Forty seven years later, I again rode the Space Needle’s 10 m.p.h. elevator to the observation deck and joined a very international crowd absorbing the 360 degree view.  Eddie Carlson would have been shocked at the twelve dollars needed to buy a ticket as he couldn’t believe people would willingly pay to ride an elevator in the German tower.  It’s well worth the price just to get oriented in Seattle where the Pacific Ocean meets the Olympic and Cascade mountains with lakes interspersed.  Ferries laden with cars trundled across Puget Sound,  cruise ships lay below awaiting late afternoon departures to Alaska, traffic was surprisingly fluid on Interstate 5 through downtown, and snow covered Mt .Rainier could be made out in the haze.  

Little of the original fair remains.   Seattle was smart to maintain the Needle and the Monorail as they are heavily used by tourists.  Next door is the Pacific Science Center, former United States Science Pavilion, which started the now common trend of a museum established for science purposes.  Dallas’ newly opened Perot Science Museum is a direct descendant.   On a previous visit, we were highly entertained by getting to pose  as a rock band at the nearby Experience Music Project Seattle, founded by Paul Allen, co-founder of Microsoft.  As I hammered the keyboard, my husband played the guitar and we sang “Wild Thing” before a video camera.   No scouts were impressed.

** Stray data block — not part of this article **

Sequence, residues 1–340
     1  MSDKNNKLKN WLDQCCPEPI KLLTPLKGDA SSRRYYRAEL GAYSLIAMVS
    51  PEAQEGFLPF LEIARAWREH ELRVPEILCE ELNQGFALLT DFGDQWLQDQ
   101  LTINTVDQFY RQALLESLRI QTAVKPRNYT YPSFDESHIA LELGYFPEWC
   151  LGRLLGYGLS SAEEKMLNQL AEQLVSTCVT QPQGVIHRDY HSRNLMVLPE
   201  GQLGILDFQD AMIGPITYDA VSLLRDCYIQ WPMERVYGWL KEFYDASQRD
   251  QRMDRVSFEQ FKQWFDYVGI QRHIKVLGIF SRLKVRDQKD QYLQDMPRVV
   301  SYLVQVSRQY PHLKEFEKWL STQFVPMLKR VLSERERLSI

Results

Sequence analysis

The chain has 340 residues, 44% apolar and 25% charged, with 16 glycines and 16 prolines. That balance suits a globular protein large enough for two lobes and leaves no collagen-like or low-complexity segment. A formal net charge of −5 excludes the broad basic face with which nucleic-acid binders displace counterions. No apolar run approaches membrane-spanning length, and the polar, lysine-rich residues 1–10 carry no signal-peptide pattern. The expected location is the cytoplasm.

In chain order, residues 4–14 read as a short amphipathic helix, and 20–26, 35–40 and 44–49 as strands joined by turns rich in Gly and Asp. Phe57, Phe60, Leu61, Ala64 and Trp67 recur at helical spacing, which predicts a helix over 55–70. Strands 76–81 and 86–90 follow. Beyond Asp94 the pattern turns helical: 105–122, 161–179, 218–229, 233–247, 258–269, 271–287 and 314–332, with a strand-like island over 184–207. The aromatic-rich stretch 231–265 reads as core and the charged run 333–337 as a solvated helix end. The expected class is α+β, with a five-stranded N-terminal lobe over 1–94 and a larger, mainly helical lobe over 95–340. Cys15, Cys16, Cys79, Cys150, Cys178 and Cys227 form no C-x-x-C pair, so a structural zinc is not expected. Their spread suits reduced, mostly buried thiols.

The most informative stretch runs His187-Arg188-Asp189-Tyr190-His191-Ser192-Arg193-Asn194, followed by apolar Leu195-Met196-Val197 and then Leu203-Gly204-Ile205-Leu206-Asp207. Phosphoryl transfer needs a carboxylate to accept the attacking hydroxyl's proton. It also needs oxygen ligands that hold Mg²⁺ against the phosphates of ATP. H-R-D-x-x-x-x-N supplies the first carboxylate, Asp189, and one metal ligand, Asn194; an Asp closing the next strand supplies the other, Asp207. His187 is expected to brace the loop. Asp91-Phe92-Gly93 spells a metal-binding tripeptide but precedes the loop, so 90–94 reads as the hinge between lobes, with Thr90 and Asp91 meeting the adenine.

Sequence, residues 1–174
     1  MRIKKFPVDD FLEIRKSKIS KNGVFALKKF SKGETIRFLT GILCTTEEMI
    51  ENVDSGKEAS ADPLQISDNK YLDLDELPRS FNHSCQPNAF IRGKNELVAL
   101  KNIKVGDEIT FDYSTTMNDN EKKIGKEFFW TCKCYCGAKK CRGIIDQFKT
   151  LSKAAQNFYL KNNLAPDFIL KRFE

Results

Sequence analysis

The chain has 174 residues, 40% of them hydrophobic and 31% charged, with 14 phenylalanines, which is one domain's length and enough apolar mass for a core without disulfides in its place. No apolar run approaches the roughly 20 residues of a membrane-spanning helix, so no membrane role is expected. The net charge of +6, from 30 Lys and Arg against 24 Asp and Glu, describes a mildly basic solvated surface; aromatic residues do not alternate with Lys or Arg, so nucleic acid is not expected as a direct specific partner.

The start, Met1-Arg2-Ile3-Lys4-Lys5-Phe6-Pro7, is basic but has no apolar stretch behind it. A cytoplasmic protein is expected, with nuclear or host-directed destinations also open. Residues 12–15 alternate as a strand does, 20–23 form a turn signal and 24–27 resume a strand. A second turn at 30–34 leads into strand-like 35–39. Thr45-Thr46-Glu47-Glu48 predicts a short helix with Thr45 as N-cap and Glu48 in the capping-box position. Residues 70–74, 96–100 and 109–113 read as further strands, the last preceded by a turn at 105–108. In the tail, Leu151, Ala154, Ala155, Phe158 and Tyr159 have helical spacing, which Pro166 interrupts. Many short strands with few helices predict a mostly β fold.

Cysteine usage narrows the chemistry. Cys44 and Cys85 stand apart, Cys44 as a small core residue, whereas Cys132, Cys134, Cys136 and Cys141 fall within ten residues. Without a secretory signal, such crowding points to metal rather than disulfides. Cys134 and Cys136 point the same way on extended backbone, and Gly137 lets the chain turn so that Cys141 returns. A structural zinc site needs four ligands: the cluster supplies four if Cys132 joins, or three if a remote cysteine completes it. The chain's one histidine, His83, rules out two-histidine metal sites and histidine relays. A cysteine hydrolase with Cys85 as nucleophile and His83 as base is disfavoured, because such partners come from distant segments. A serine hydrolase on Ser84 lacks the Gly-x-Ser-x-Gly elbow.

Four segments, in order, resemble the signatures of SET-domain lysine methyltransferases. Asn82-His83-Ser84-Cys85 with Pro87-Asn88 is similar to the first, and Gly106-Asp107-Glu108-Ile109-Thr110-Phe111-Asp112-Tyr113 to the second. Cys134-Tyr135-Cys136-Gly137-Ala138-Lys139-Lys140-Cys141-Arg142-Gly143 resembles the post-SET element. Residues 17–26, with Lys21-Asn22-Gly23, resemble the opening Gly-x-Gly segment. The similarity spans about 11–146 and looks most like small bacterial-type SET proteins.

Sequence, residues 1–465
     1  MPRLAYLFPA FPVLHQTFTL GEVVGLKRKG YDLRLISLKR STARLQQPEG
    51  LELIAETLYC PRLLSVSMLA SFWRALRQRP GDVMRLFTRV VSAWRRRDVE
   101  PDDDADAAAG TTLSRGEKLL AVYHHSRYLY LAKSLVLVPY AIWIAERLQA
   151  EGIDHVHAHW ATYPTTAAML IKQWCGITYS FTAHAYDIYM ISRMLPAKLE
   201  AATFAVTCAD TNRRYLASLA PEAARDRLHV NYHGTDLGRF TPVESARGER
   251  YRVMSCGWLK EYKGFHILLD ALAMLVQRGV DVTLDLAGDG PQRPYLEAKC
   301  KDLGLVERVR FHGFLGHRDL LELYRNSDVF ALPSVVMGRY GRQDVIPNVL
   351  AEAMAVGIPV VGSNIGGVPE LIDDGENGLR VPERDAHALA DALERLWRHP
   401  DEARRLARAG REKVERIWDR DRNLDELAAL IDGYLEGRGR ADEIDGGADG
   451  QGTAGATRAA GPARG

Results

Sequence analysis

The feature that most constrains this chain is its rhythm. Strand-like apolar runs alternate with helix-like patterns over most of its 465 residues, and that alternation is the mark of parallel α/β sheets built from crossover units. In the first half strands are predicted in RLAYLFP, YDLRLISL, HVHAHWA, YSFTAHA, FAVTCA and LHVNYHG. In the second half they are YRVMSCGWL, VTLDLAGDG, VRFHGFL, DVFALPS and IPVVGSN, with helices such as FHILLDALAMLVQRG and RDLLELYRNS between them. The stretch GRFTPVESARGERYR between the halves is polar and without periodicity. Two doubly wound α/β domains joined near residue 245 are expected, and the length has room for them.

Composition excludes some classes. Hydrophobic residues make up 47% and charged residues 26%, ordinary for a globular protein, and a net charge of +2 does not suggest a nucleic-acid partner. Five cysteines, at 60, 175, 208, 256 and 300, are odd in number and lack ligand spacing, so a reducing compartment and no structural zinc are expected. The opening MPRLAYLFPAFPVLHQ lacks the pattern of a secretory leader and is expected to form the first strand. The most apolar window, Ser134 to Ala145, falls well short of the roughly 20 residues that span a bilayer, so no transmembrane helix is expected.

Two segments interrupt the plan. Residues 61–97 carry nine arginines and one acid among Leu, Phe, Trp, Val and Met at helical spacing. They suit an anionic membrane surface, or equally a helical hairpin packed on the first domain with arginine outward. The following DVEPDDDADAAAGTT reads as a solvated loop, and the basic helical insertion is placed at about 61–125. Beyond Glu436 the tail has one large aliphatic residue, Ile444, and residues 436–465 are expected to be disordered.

World Fairs continue today although the name has morphed through World Expositions into World Expos.  They began in Paris, France in 1884, used first to promote industrial inventions and products.  The 1893 Chicago and 1904 St. Louis fairs were of this genre.  Later emphasis was place on cultural exchanges as well as science and Seattle fit in this category.  Today, countries use the expos to showcase their accomplishments and demonstrate the ability to organize such an event as well as  attract visitors.  The next big expositions are set for 2017 in Astana Kazakhstan and Dubai in 2020.  Remnants of world fairs are found all over the world - Paris’ Eiffel Tower, St. Louis Art Museum (originally Palace of Fine Arts), Japanese Tea Garden in San Francisco, Museum of Science and Industry in Chicago, the Atomium in Brussels, and the Unisphere in Queens, New York.  Many of these icons are dated but still hold their charm.
View of Space Needle through Isamu Moguchi's sculpture

The Space Needle is beloved by Seattle residents and has been protected from encroachment of tall buildings, making it visible for miles around.  It’s a wonderful landmark.  We could easily spot it from the ferry docks  and as we sat on the old Gas Works Park, north of downtown Seattle.  At the Volunteer Park Conservatory,  artist Isamu Noguchi placed the view of the needle in the opening of his Black Sun outdoor sculpture.  The needle definitely deserves more than its  #35 ranking on Travel Advisor’s places to see in Seattle.

Other than being a bit smaller than I remembered, the Space Needle provided  a step back in time.  I discovered I was in good company in 1966 when  11-year-old Bill Gates, now Microsoft chairman and co-founder, won a dinner at the Space Needle restaurant offered by his pastor. Gates had to memorize chapters 5, 6 and 7 of the Gospel of Matthew, better known as the Sermon on the Mount, and he recited it flawlessly.  He probably wasn’t there the night of my birthday but  I got a great meal and a lovely watch.  I later forgot my watch in a bathroom in Bolivia but I have never forgotten the Space Needle birthday experience and it’s still worth the cost of the elevator ride.